Letter of a brigadier serving in the Chasseurs à Cheval of the Imperial Guard addressed to his parents, concerning the battle of Austerlitz …
At the headquarters of I Corps of the Grande Armée.
Budweiss in Bohemia, 24 December 1805.
At last, my dear father and mother, I’m able to provide you with some news.
Since our departure from Hanover, today is the second day that we have been at ease, and I will use this time to write to you. If I wanted to enter the details of everything that has happened to us, it would take me more than eight days to describe everything. When I have the pleasure of seeing you again, I will tell you everything, and I am sure that you will be amused for a long time, although I will be content to report the most remarkable events such as the renowned battle of Austerlitz.
It was on 27 Fructidor that we left Hanover and the countryside, and on the 30th we crossed the territory of Hesse-Cassel and of Amstat, through forced marches until Frankfurt; then, following the [river] Main, we entered Prussia, and while keeping up the pace of our advance, we arrived at Ingolstadt, to the great astonishment of the Austrians who were not informed of our arrival. We thus prevented the junction of the Russian army with the Austrians. From Ulm to Ingolstadt, we pursued the enemy until Munich when they evacuated on 20 Vendémiaire at 6 o’clock in the morning. Our company entered there with Mr. the Marshal at 9 o’clock, to the acclamations of the whole city.
It was at Munich that we lost the title of Army of Hanover in lieu of the pompous designation of I Corps of the Grande Armée. The Bavarian army was entrusted to our corps under the orders of Marshal Bernadotte. The Emperor arrived a few days later, he had then destroyed the enemy army near Ulm. Finally, after a few days of rest, all the corps of our formidable army set out on the march. Encompassing all the land from Prussia to Italy, our corps then occupied the right wing, and our Bavarians swept the Tyrol alongside Marshal Ney’s corps.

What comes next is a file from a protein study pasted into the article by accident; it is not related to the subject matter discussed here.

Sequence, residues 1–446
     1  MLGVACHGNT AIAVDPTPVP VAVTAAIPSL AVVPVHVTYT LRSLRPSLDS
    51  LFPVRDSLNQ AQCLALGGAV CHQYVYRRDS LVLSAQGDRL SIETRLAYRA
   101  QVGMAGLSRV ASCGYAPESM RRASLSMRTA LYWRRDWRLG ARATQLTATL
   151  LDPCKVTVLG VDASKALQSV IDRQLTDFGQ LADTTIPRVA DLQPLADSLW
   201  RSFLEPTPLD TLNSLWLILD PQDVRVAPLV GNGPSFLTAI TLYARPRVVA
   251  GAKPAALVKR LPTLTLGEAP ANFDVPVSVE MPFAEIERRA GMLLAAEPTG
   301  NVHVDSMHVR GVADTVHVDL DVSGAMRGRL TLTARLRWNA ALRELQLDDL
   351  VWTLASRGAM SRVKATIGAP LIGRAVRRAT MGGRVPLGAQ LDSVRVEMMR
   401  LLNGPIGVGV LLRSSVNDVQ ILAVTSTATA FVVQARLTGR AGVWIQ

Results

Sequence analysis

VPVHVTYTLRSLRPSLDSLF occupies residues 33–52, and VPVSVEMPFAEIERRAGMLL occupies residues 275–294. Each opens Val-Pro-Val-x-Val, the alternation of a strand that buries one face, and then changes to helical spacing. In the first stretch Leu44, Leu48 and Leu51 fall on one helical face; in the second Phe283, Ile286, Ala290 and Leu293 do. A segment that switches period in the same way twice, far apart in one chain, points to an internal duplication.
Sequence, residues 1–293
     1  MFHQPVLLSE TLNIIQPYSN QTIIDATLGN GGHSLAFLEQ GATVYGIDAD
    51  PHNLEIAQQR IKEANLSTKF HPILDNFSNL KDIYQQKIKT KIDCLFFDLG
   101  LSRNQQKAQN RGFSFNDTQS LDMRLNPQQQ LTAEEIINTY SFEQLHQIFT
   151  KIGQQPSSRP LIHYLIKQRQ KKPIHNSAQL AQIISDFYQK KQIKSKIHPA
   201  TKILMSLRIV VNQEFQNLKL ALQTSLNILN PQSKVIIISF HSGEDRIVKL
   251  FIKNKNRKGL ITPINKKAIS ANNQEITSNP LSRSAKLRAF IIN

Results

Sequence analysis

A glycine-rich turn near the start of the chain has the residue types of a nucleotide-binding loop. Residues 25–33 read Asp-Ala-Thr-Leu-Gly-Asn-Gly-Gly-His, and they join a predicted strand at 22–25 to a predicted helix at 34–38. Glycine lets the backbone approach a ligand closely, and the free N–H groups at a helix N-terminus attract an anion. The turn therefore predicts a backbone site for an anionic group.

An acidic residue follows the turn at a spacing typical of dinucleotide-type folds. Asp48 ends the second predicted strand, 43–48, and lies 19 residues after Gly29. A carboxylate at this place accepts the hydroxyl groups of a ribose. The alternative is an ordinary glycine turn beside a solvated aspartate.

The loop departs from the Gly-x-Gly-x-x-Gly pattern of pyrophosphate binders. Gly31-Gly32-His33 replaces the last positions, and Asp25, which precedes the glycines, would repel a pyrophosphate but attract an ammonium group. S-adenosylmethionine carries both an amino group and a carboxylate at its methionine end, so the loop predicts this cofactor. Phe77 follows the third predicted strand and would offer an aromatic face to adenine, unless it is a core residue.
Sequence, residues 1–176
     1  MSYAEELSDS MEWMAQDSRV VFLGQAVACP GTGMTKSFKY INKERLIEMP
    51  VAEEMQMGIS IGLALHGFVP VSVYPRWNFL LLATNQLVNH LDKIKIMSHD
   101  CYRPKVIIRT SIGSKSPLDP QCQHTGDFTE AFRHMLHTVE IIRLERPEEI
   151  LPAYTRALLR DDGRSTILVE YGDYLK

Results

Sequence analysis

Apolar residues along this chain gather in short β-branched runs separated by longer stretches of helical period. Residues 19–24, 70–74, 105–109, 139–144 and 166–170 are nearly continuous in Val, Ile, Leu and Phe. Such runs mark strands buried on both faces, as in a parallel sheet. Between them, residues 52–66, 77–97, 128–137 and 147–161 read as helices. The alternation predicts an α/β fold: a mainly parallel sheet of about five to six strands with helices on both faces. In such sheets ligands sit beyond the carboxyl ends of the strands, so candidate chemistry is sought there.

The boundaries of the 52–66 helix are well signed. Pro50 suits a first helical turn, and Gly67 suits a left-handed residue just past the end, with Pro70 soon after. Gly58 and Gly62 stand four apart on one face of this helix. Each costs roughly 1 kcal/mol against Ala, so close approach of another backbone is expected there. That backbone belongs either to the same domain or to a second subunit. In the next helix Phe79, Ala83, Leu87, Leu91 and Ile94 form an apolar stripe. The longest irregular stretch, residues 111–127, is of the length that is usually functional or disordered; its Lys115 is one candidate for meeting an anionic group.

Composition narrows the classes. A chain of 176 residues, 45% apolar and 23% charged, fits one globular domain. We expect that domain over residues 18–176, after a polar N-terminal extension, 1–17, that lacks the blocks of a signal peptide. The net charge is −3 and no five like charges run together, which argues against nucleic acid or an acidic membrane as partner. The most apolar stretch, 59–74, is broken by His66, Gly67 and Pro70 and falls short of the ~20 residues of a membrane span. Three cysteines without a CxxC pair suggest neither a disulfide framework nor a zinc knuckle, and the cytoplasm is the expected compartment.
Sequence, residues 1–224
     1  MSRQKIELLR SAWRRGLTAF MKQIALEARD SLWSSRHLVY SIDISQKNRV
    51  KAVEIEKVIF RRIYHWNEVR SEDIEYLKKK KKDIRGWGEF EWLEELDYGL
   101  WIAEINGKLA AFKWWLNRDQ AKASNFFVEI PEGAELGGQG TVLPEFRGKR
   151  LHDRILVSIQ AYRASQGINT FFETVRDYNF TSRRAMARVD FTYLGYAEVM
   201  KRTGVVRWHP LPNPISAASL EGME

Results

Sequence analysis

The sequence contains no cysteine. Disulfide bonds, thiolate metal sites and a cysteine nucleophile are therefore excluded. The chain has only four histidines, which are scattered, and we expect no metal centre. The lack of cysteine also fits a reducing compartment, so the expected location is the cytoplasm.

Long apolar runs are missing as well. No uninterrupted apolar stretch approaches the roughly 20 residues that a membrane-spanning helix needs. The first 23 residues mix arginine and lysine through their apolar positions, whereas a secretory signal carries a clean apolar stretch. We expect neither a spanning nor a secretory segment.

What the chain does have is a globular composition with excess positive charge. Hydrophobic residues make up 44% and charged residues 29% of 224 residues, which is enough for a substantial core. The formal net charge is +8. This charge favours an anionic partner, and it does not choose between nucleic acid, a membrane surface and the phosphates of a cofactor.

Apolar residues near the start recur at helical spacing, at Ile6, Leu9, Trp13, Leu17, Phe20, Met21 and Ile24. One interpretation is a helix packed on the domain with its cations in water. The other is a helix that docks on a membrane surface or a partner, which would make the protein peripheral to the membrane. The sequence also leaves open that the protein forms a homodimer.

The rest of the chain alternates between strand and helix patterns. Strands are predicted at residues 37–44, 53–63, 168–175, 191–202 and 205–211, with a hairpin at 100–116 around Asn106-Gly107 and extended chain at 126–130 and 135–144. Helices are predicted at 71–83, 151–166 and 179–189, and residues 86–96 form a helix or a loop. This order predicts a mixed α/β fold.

The combined Russian and Austrian armies fled before us, severing and burning all the bridges to prevent the impetuosity of our progress. It was then that we experienced much suffering; the enemy burned and ravaged their own country to prevent us from sustaining ourselves. The first troops which arrived finished destroying the little that was to be had. Therefore from Salzburg to Vienna, I did not see any inhabitants in the dwellings. All the peasants had fled into the woods, abandoning everything they owned. This country is ruined forever, not a single piece of furniture was left in the houses; it was horrifying.
When the cold set in, I myself along with my squad, took refuge in one of these abandoned houses when suddenly these women appeared and begged us on their knees for a piece of bread. At Lembach, where I was lodged, this household used to be very wealthy before the looting [started]; we had absolutely nothing to eat but a little, poor bread. Towards midnight, I heard something in the cellar. I took my saber and a candle to go down there, and I found on the staircase the owner of the house looking all pale, begging me to let him take a dozen potatoes which they still had in the cellar. I tried to console this unfortunate man and persuade him to return to his house. He was a seventy-year-old man; he went back to the woods to look for his family and they arrived the next morning before we left. As bread and meat were distributed to us, I left them a few pounds; they thanked me a thousand times over. The same desolation prevailed wherever we went.